Among the innovative technologies utilized for the treatment of contaminated soils, the use of green surfactants appears to be a biocompatible, efficient, and attractive alternative, since the cleaning processes that normally use synthetic surfactants as additives cause other problems due to toxicity and the accumulation of by-products. Three green surfactants, i.e., two biobased (biobased 1 and biobased 2) surfactants produced by chemical synthesis and a microbial surfactant produced from the yeast Starmerella bombicola ATCC 22214, were used as soil remediation agents and compared to a synthetic surfactant (Tween 80). The three surfactants were tested for their ability to emulsify, disperse, and remove different hydrophobic contaminants. The biosurfactant, which was able to reduce the water surface tension to 32.30 mN/m at a critical micelle concentration of 0.65 g/L, was then used to prepare a commercial formulation that showed lower toxicity to the tested environmental bioindicators and lower dispersion capacity than the biobased surfactants. All the green surfactants showed great emulsification capacity, especially against motor oil and petroleum. Therefore, their potential to remove motor oil adsorbed on different types of soils (sandy, silty, and clay soil and beach sand) was investigated either in kinetic (flasks) or static (packed columns) experiments. The commercial biosurfactant formulation showed excellent effectiveness in removing motor oil, especially from contaminated sandy soil (80.0 +/- 0.46%) and beach sand (65.0 +/- 0.14%) under static conditions, while, in the kinetic experiments, the commercial biosurfactant and the biobased 2 surfactant were able to remove motor oil from all the contaminated soils tested more effectively than the biobased 1 surfactant. Finally, the S. bombicola commercial biosurfactant was evaluated as a soil bioremediation agent. In degradation experiments carried out on motor oilcontaminated soils enriched with sugarcane molasses, oil degradation yield in the sandy soil reached almost 90% after 60 days in the presence of the commercial biosurfactant, while it did not exceed 20% in the presence of only S. bombicola cells. These results promise to contribute to the development of green technologies for the treatment of hydrophobic pollutants with economic gains for the oil industries.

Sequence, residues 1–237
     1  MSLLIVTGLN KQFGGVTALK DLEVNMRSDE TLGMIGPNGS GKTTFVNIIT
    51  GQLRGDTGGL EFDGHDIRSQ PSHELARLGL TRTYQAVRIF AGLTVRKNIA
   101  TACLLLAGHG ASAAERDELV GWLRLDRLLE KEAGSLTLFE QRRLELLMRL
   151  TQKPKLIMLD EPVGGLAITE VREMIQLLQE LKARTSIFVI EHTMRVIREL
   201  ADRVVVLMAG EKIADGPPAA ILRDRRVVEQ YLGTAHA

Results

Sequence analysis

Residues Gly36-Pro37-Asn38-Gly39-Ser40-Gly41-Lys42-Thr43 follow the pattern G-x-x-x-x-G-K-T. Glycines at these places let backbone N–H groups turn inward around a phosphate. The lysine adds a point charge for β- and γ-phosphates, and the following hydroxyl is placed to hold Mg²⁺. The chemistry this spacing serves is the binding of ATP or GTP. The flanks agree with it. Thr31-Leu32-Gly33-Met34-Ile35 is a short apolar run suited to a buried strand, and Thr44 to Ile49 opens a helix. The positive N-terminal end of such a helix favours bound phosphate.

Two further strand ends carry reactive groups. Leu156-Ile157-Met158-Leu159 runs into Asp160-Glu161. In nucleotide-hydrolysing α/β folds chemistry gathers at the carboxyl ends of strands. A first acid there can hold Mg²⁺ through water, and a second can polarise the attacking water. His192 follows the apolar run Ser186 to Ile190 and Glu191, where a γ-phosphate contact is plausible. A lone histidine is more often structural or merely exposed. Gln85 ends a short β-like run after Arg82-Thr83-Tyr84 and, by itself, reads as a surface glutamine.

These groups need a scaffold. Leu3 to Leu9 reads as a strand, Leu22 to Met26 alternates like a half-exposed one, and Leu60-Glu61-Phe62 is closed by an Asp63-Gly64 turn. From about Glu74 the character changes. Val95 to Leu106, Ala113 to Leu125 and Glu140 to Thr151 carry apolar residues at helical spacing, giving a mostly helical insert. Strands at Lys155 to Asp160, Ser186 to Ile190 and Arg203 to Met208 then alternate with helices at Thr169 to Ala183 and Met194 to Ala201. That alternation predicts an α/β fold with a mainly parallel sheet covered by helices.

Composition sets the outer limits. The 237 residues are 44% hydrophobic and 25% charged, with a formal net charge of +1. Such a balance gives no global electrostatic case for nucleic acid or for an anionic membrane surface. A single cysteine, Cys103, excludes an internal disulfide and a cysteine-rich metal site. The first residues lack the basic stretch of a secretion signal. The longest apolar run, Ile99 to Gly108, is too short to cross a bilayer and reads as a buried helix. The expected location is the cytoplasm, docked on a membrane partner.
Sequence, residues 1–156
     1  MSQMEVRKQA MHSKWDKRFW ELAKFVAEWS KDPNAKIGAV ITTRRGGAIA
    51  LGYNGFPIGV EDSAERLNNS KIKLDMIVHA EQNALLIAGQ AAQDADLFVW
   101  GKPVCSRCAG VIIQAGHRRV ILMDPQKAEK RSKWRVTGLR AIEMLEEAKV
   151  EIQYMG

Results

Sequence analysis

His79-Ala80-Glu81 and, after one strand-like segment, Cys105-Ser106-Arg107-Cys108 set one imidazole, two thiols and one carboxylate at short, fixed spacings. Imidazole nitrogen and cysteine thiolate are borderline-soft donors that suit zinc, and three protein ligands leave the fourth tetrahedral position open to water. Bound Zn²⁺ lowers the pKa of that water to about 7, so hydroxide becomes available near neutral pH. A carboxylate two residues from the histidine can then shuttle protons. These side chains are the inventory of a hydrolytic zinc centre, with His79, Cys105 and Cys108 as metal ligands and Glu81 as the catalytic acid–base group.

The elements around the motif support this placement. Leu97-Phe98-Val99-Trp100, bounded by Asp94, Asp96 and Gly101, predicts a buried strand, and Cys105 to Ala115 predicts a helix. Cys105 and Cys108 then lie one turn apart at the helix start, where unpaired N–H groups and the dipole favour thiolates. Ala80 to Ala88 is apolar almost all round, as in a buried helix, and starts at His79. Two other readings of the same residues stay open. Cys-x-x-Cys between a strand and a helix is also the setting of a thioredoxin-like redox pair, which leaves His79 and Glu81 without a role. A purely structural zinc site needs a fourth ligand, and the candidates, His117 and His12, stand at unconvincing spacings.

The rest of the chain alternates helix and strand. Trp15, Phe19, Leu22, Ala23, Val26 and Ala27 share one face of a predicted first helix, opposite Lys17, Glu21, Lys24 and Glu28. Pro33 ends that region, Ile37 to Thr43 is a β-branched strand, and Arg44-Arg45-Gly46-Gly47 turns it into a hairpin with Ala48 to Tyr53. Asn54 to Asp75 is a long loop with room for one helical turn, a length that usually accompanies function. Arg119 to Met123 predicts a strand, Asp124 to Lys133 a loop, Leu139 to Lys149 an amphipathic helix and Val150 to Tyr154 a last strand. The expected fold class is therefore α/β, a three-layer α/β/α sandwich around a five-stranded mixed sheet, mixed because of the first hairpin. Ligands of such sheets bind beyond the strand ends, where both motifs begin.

Application of Green Surfactants in the Remediation of Soils Contaminated by Hydrocarbons

Converti, Attilio;
2021-01-01

Abstract

Among the innovative technologies utilized for the treatment of contaminated soils, the use of green surfactants appears to be a biocompatible, efficient, and attractive alternative, since the cleaning processes that normally use synthetic surfactants as additives cause other problems due to toxicity and the accumulation of by-products. Three green surfactants, i.e., two biobased (biobased 1 and biobased 2) surfactants produced by chemical synthesis and a microbial surfactant produced from the yeast Starmerella bombicola ATCC 22214, were used as soil remediation agents and compared to a synthetic surfactant (Tween 80). The three surfactants were tested for their ability to emulsify, disperse, and remove different hydrophobic contaminants. The biosurfactant, which was able to reduce the water surface tension to 32.30 mN/m at a critical micelle concentration of 0.65 g/L, was then used to prepare a commercial formulation that showed lower toxicity to the tested environmental bioindicators and lower dispersion capacity than the biobased surfactants. All the green surfactants showed great emulsification capacity, especially against motor oil and petroleum. Therefore, their potential to remove motor oil adsorbed on different types of soils (sandy, silty, and clay soil and beach sand) was investigated either in kinetic (flasks) or static (packed columns) experiments. The commercial biosurfactant formulation showed excellent effectiveness in removing motor oil, especially from contaminated sandy soil (80.0 +/- 0.46%) and beach sand (65.0 +/- 0.14%) under static conditions, while, in the kinetic experiments, the commercial biosurfactant and the biobased 2 surfactant were able to remove motor oil from all the contaminated soils tested more effectively than the biobased 1 surfactant. Finally, the S. bombicola commercial biosurfactant was evaluated as a soil bioremediation agent. In degradation experiments carried out on motor oilcontaminated soils enriched with sugarcane molasses, oil degradation yield in the sandy soil reached almost 90% after 60 days in the presence of the commercial biosurfactant, while it did not exceed 20% in the presence of only S. bombicola cells. These results promise to contribute to the development of green technologies for the treatment of hydrophobic pollutants with economic gains for the oil industries.
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Utilizza questo identificativo per citare o creare un link a questo documento: https://hdl.handle.net/11567/1055674
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